I wish to express the hope that the Seanad will not carry this amendment. I am opposing it because it is not in accordance with the general idea we had in mind when framing the Bill. In drafting this measure our notion of how things would proceed was that we should set out in legal form the object to be aimed at, that we should indicate, as we do indicate in this section, that we assist the College in moving towards that object, but we do not try to tie up the College, or the Governing Body of the College, or we could have put many provisions in the Bill which would coerce them along that particular line. I believe that none of the multitudinous provisions we could put into this Bill for strengthening the position of Irish in the College would be of any real avail unless the Governing Body of the College itself, and the various officers of the College, are anxious to push Irish. I am very anxious that Galway College should become a truly Gaelic or Irish University at the earliest possible date, but I believe that will be done only when the people in the College realise thoroughly that if the College is to have an important future it will have that important future by doing everything it can in Irish and for Irish.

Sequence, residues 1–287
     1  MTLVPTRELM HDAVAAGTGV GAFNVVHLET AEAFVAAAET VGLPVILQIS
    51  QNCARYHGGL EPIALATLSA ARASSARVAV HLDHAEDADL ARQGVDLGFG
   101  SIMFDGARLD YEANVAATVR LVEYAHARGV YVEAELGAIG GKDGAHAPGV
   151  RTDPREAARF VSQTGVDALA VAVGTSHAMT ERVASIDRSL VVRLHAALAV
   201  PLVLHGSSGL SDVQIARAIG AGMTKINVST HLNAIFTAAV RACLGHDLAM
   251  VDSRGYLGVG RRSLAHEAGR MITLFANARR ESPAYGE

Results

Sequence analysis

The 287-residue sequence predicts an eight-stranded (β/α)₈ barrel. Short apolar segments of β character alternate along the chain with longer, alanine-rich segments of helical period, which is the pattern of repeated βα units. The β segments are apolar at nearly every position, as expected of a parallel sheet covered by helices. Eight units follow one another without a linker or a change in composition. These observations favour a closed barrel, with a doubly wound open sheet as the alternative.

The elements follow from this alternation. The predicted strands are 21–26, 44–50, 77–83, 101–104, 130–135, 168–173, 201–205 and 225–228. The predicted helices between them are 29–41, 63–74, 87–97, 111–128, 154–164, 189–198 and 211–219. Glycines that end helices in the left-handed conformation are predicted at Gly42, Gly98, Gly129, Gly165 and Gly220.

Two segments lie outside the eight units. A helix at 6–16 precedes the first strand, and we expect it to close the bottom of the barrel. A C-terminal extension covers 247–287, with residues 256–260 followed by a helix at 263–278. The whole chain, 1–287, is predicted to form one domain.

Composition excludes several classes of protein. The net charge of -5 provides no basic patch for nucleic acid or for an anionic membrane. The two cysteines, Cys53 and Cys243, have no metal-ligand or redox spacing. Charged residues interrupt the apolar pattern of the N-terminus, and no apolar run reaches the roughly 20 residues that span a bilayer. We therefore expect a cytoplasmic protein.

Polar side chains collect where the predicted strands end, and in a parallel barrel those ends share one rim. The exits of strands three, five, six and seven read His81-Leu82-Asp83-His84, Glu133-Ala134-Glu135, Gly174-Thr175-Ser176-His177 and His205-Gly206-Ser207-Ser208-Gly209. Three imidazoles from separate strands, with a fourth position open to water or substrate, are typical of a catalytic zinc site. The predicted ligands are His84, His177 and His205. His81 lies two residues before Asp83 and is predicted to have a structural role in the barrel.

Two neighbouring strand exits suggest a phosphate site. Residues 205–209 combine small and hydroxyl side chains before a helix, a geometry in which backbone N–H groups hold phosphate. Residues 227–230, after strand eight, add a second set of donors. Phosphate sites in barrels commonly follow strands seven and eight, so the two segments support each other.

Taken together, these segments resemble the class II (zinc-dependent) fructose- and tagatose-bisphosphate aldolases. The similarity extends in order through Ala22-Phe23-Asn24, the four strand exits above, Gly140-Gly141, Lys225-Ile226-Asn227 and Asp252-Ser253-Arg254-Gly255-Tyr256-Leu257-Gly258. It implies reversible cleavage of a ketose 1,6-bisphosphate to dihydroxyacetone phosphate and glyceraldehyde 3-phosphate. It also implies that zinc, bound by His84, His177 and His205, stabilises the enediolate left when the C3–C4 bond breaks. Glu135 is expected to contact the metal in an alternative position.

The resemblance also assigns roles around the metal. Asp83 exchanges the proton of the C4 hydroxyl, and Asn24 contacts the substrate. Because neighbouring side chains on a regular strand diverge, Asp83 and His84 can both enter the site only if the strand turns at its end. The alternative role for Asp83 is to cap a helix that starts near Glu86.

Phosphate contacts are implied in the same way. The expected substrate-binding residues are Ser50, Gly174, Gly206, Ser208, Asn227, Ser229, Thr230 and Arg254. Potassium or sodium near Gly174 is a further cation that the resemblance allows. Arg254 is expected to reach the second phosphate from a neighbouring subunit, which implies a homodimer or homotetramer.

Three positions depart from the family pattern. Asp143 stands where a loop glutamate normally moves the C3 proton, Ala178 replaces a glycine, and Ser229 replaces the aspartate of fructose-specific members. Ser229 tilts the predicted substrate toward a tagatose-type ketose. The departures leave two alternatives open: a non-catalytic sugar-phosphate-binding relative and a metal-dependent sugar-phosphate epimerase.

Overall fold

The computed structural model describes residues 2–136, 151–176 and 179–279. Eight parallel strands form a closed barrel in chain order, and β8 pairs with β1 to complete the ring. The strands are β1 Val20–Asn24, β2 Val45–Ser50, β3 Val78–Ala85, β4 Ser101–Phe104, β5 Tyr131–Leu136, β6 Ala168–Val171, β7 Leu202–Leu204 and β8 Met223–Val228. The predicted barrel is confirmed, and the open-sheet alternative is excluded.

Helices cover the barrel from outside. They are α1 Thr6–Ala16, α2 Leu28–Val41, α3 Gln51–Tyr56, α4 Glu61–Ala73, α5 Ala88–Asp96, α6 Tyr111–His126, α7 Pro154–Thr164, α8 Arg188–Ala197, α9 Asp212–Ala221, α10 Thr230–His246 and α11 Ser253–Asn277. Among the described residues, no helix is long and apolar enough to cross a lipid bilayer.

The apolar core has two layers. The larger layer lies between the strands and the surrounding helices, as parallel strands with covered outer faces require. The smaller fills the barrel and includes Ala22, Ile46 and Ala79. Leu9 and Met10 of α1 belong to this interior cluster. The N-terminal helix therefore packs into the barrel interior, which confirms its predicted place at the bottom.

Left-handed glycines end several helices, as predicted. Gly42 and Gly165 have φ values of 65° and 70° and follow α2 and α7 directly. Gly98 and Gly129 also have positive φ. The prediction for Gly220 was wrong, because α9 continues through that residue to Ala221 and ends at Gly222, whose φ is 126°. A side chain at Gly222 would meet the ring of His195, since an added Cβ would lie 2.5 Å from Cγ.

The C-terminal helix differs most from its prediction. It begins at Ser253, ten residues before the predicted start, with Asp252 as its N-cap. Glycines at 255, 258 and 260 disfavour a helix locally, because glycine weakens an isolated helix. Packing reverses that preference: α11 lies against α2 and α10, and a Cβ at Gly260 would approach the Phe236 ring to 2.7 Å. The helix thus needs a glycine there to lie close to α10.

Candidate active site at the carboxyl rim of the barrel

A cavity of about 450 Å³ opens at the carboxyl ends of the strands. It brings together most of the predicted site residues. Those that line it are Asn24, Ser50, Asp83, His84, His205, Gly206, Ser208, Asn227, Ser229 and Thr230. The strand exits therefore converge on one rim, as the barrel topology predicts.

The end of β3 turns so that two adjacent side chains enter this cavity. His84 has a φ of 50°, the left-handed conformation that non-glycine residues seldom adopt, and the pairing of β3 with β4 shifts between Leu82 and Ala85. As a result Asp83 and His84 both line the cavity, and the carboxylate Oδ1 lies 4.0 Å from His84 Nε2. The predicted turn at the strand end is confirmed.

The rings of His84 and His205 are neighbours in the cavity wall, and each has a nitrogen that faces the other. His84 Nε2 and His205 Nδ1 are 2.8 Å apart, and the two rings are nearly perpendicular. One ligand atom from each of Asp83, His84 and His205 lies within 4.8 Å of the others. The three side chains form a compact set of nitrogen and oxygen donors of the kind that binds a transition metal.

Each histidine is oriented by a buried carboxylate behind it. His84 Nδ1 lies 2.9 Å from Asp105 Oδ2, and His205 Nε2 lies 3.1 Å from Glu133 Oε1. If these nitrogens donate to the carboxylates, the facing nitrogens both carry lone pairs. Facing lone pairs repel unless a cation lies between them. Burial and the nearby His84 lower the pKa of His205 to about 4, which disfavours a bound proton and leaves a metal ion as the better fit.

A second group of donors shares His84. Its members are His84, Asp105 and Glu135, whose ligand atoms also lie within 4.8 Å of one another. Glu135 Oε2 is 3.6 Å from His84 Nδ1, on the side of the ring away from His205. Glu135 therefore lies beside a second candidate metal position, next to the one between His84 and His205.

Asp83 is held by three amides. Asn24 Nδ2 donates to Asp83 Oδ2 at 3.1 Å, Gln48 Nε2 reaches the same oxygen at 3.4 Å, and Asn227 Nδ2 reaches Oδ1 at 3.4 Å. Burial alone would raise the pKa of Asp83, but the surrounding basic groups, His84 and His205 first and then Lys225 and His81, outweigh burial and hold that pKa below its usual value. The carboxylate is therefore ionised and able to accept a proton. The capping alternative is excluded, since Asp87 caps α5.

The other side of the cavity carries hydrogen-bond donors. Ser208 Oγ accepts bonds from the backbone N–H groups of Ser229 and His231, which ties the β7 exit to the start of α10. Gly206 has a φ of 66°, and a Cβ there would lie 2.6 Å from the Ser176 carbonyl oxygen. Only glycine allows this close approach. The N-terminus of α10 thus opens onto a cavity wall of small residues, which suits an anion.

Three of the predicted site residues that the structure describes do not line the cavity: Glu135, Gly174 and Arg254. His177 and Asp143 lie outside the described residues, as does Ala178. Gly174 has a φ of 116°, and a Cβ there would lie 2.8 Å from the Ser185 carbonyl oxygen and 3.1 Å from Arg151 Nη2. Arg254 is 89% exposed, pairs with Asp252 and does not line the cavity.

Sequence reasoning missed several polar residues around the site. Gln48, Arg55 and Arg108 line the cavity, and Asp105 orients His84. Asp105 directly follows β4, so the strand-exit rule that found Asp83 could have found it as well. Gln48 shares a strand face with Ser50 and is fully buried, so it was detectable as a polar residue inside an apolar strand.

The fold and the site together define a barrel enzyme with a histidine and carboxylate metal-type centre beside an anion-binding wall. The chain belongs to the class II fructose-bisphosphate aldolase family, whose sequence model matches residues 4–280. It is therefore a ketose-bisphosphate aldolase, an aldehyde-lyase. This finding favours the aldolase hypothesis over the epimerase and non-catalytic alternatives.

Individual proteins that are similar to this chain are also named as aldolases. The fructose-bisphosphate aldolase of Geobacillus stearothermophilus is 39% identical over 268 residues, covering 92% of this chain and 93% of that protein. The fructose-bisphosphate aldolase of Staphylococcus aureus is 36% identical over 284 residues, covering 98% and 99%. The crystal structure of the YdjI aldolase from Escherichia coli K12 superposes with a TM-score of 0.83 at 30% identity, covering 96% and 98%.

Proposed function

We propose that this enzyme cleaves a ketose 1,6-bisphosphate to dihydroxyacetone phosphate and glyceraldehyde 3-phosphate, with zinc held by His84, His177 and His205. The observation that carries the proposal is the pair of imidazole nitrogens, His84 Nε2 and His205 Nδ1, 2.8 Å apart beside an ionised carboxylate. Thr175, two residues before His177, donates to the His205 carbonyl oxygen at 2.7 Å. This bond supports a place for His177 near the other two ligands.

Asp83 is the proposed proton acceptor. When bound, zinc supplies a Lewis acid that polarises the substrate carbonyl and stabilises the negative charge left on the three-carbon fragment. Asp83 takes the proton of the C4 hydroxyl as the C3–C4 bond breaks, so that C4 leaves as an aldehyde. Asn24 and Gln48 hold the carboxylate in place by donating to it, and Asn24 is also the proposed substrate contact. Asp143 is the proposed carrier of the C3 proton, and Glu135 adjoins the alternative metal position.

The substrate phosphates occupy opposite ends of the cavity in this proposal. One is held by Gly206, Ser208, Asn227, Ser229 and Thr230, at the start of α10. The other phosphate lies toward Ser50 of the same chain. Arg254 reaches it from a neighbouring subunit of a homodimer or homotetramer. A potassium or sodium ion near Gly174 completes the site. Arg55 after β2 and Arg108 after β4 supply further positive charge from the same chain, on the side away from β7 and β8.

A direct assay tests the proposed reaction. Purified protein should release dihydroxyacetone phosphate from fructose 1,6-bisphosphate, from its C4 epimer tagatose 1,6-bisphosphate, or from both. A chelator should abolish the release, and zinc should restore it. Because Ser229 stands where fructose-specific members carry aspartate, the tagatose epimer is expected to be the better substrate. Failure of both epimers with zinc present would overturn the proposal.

I think that the only way to get ahead is to lay that duty on the College in a legal form and to indicate, as is indicated in this Bill, that they will get assistance in doing that work, and then leave it to those in the College who believe in the future of the Irish language and in the need for fully restoring the Irish language to its proper place in the national life. I believe that the time is not far distant when the Governing Body itself will be prepared to make a temporary appointment rather than appoint some person not capable of carrying out instruction through Irish, provided it sees somebody in the offing who is likely to fill the office. If there is nobody in the offing who is likely to fill the office, it would be better to appoint a good professor who will do his work through English than to appoint an indifferent professor who would do his work through Irish. I believe that we will not increase the prestige of the language itself by having subjects taught through Irish by people who are not really competent to teach these subjects through Irish. On the other hand, it will often happen that the Governing Body will be able to say that while there is nobody at present available who can teach the subject through Irish there will soon be somebody. I know a particular subject that at the moment there is nobody at all in this country able to teach through the medium of Irish up to a University standard, but I know that there is an exceptionally brilliant student in that subject with a splendid knowledge of Irish. I think that in that particular case in two or three years time it will be possible to make an appointment of a person who can give instruction through Irish.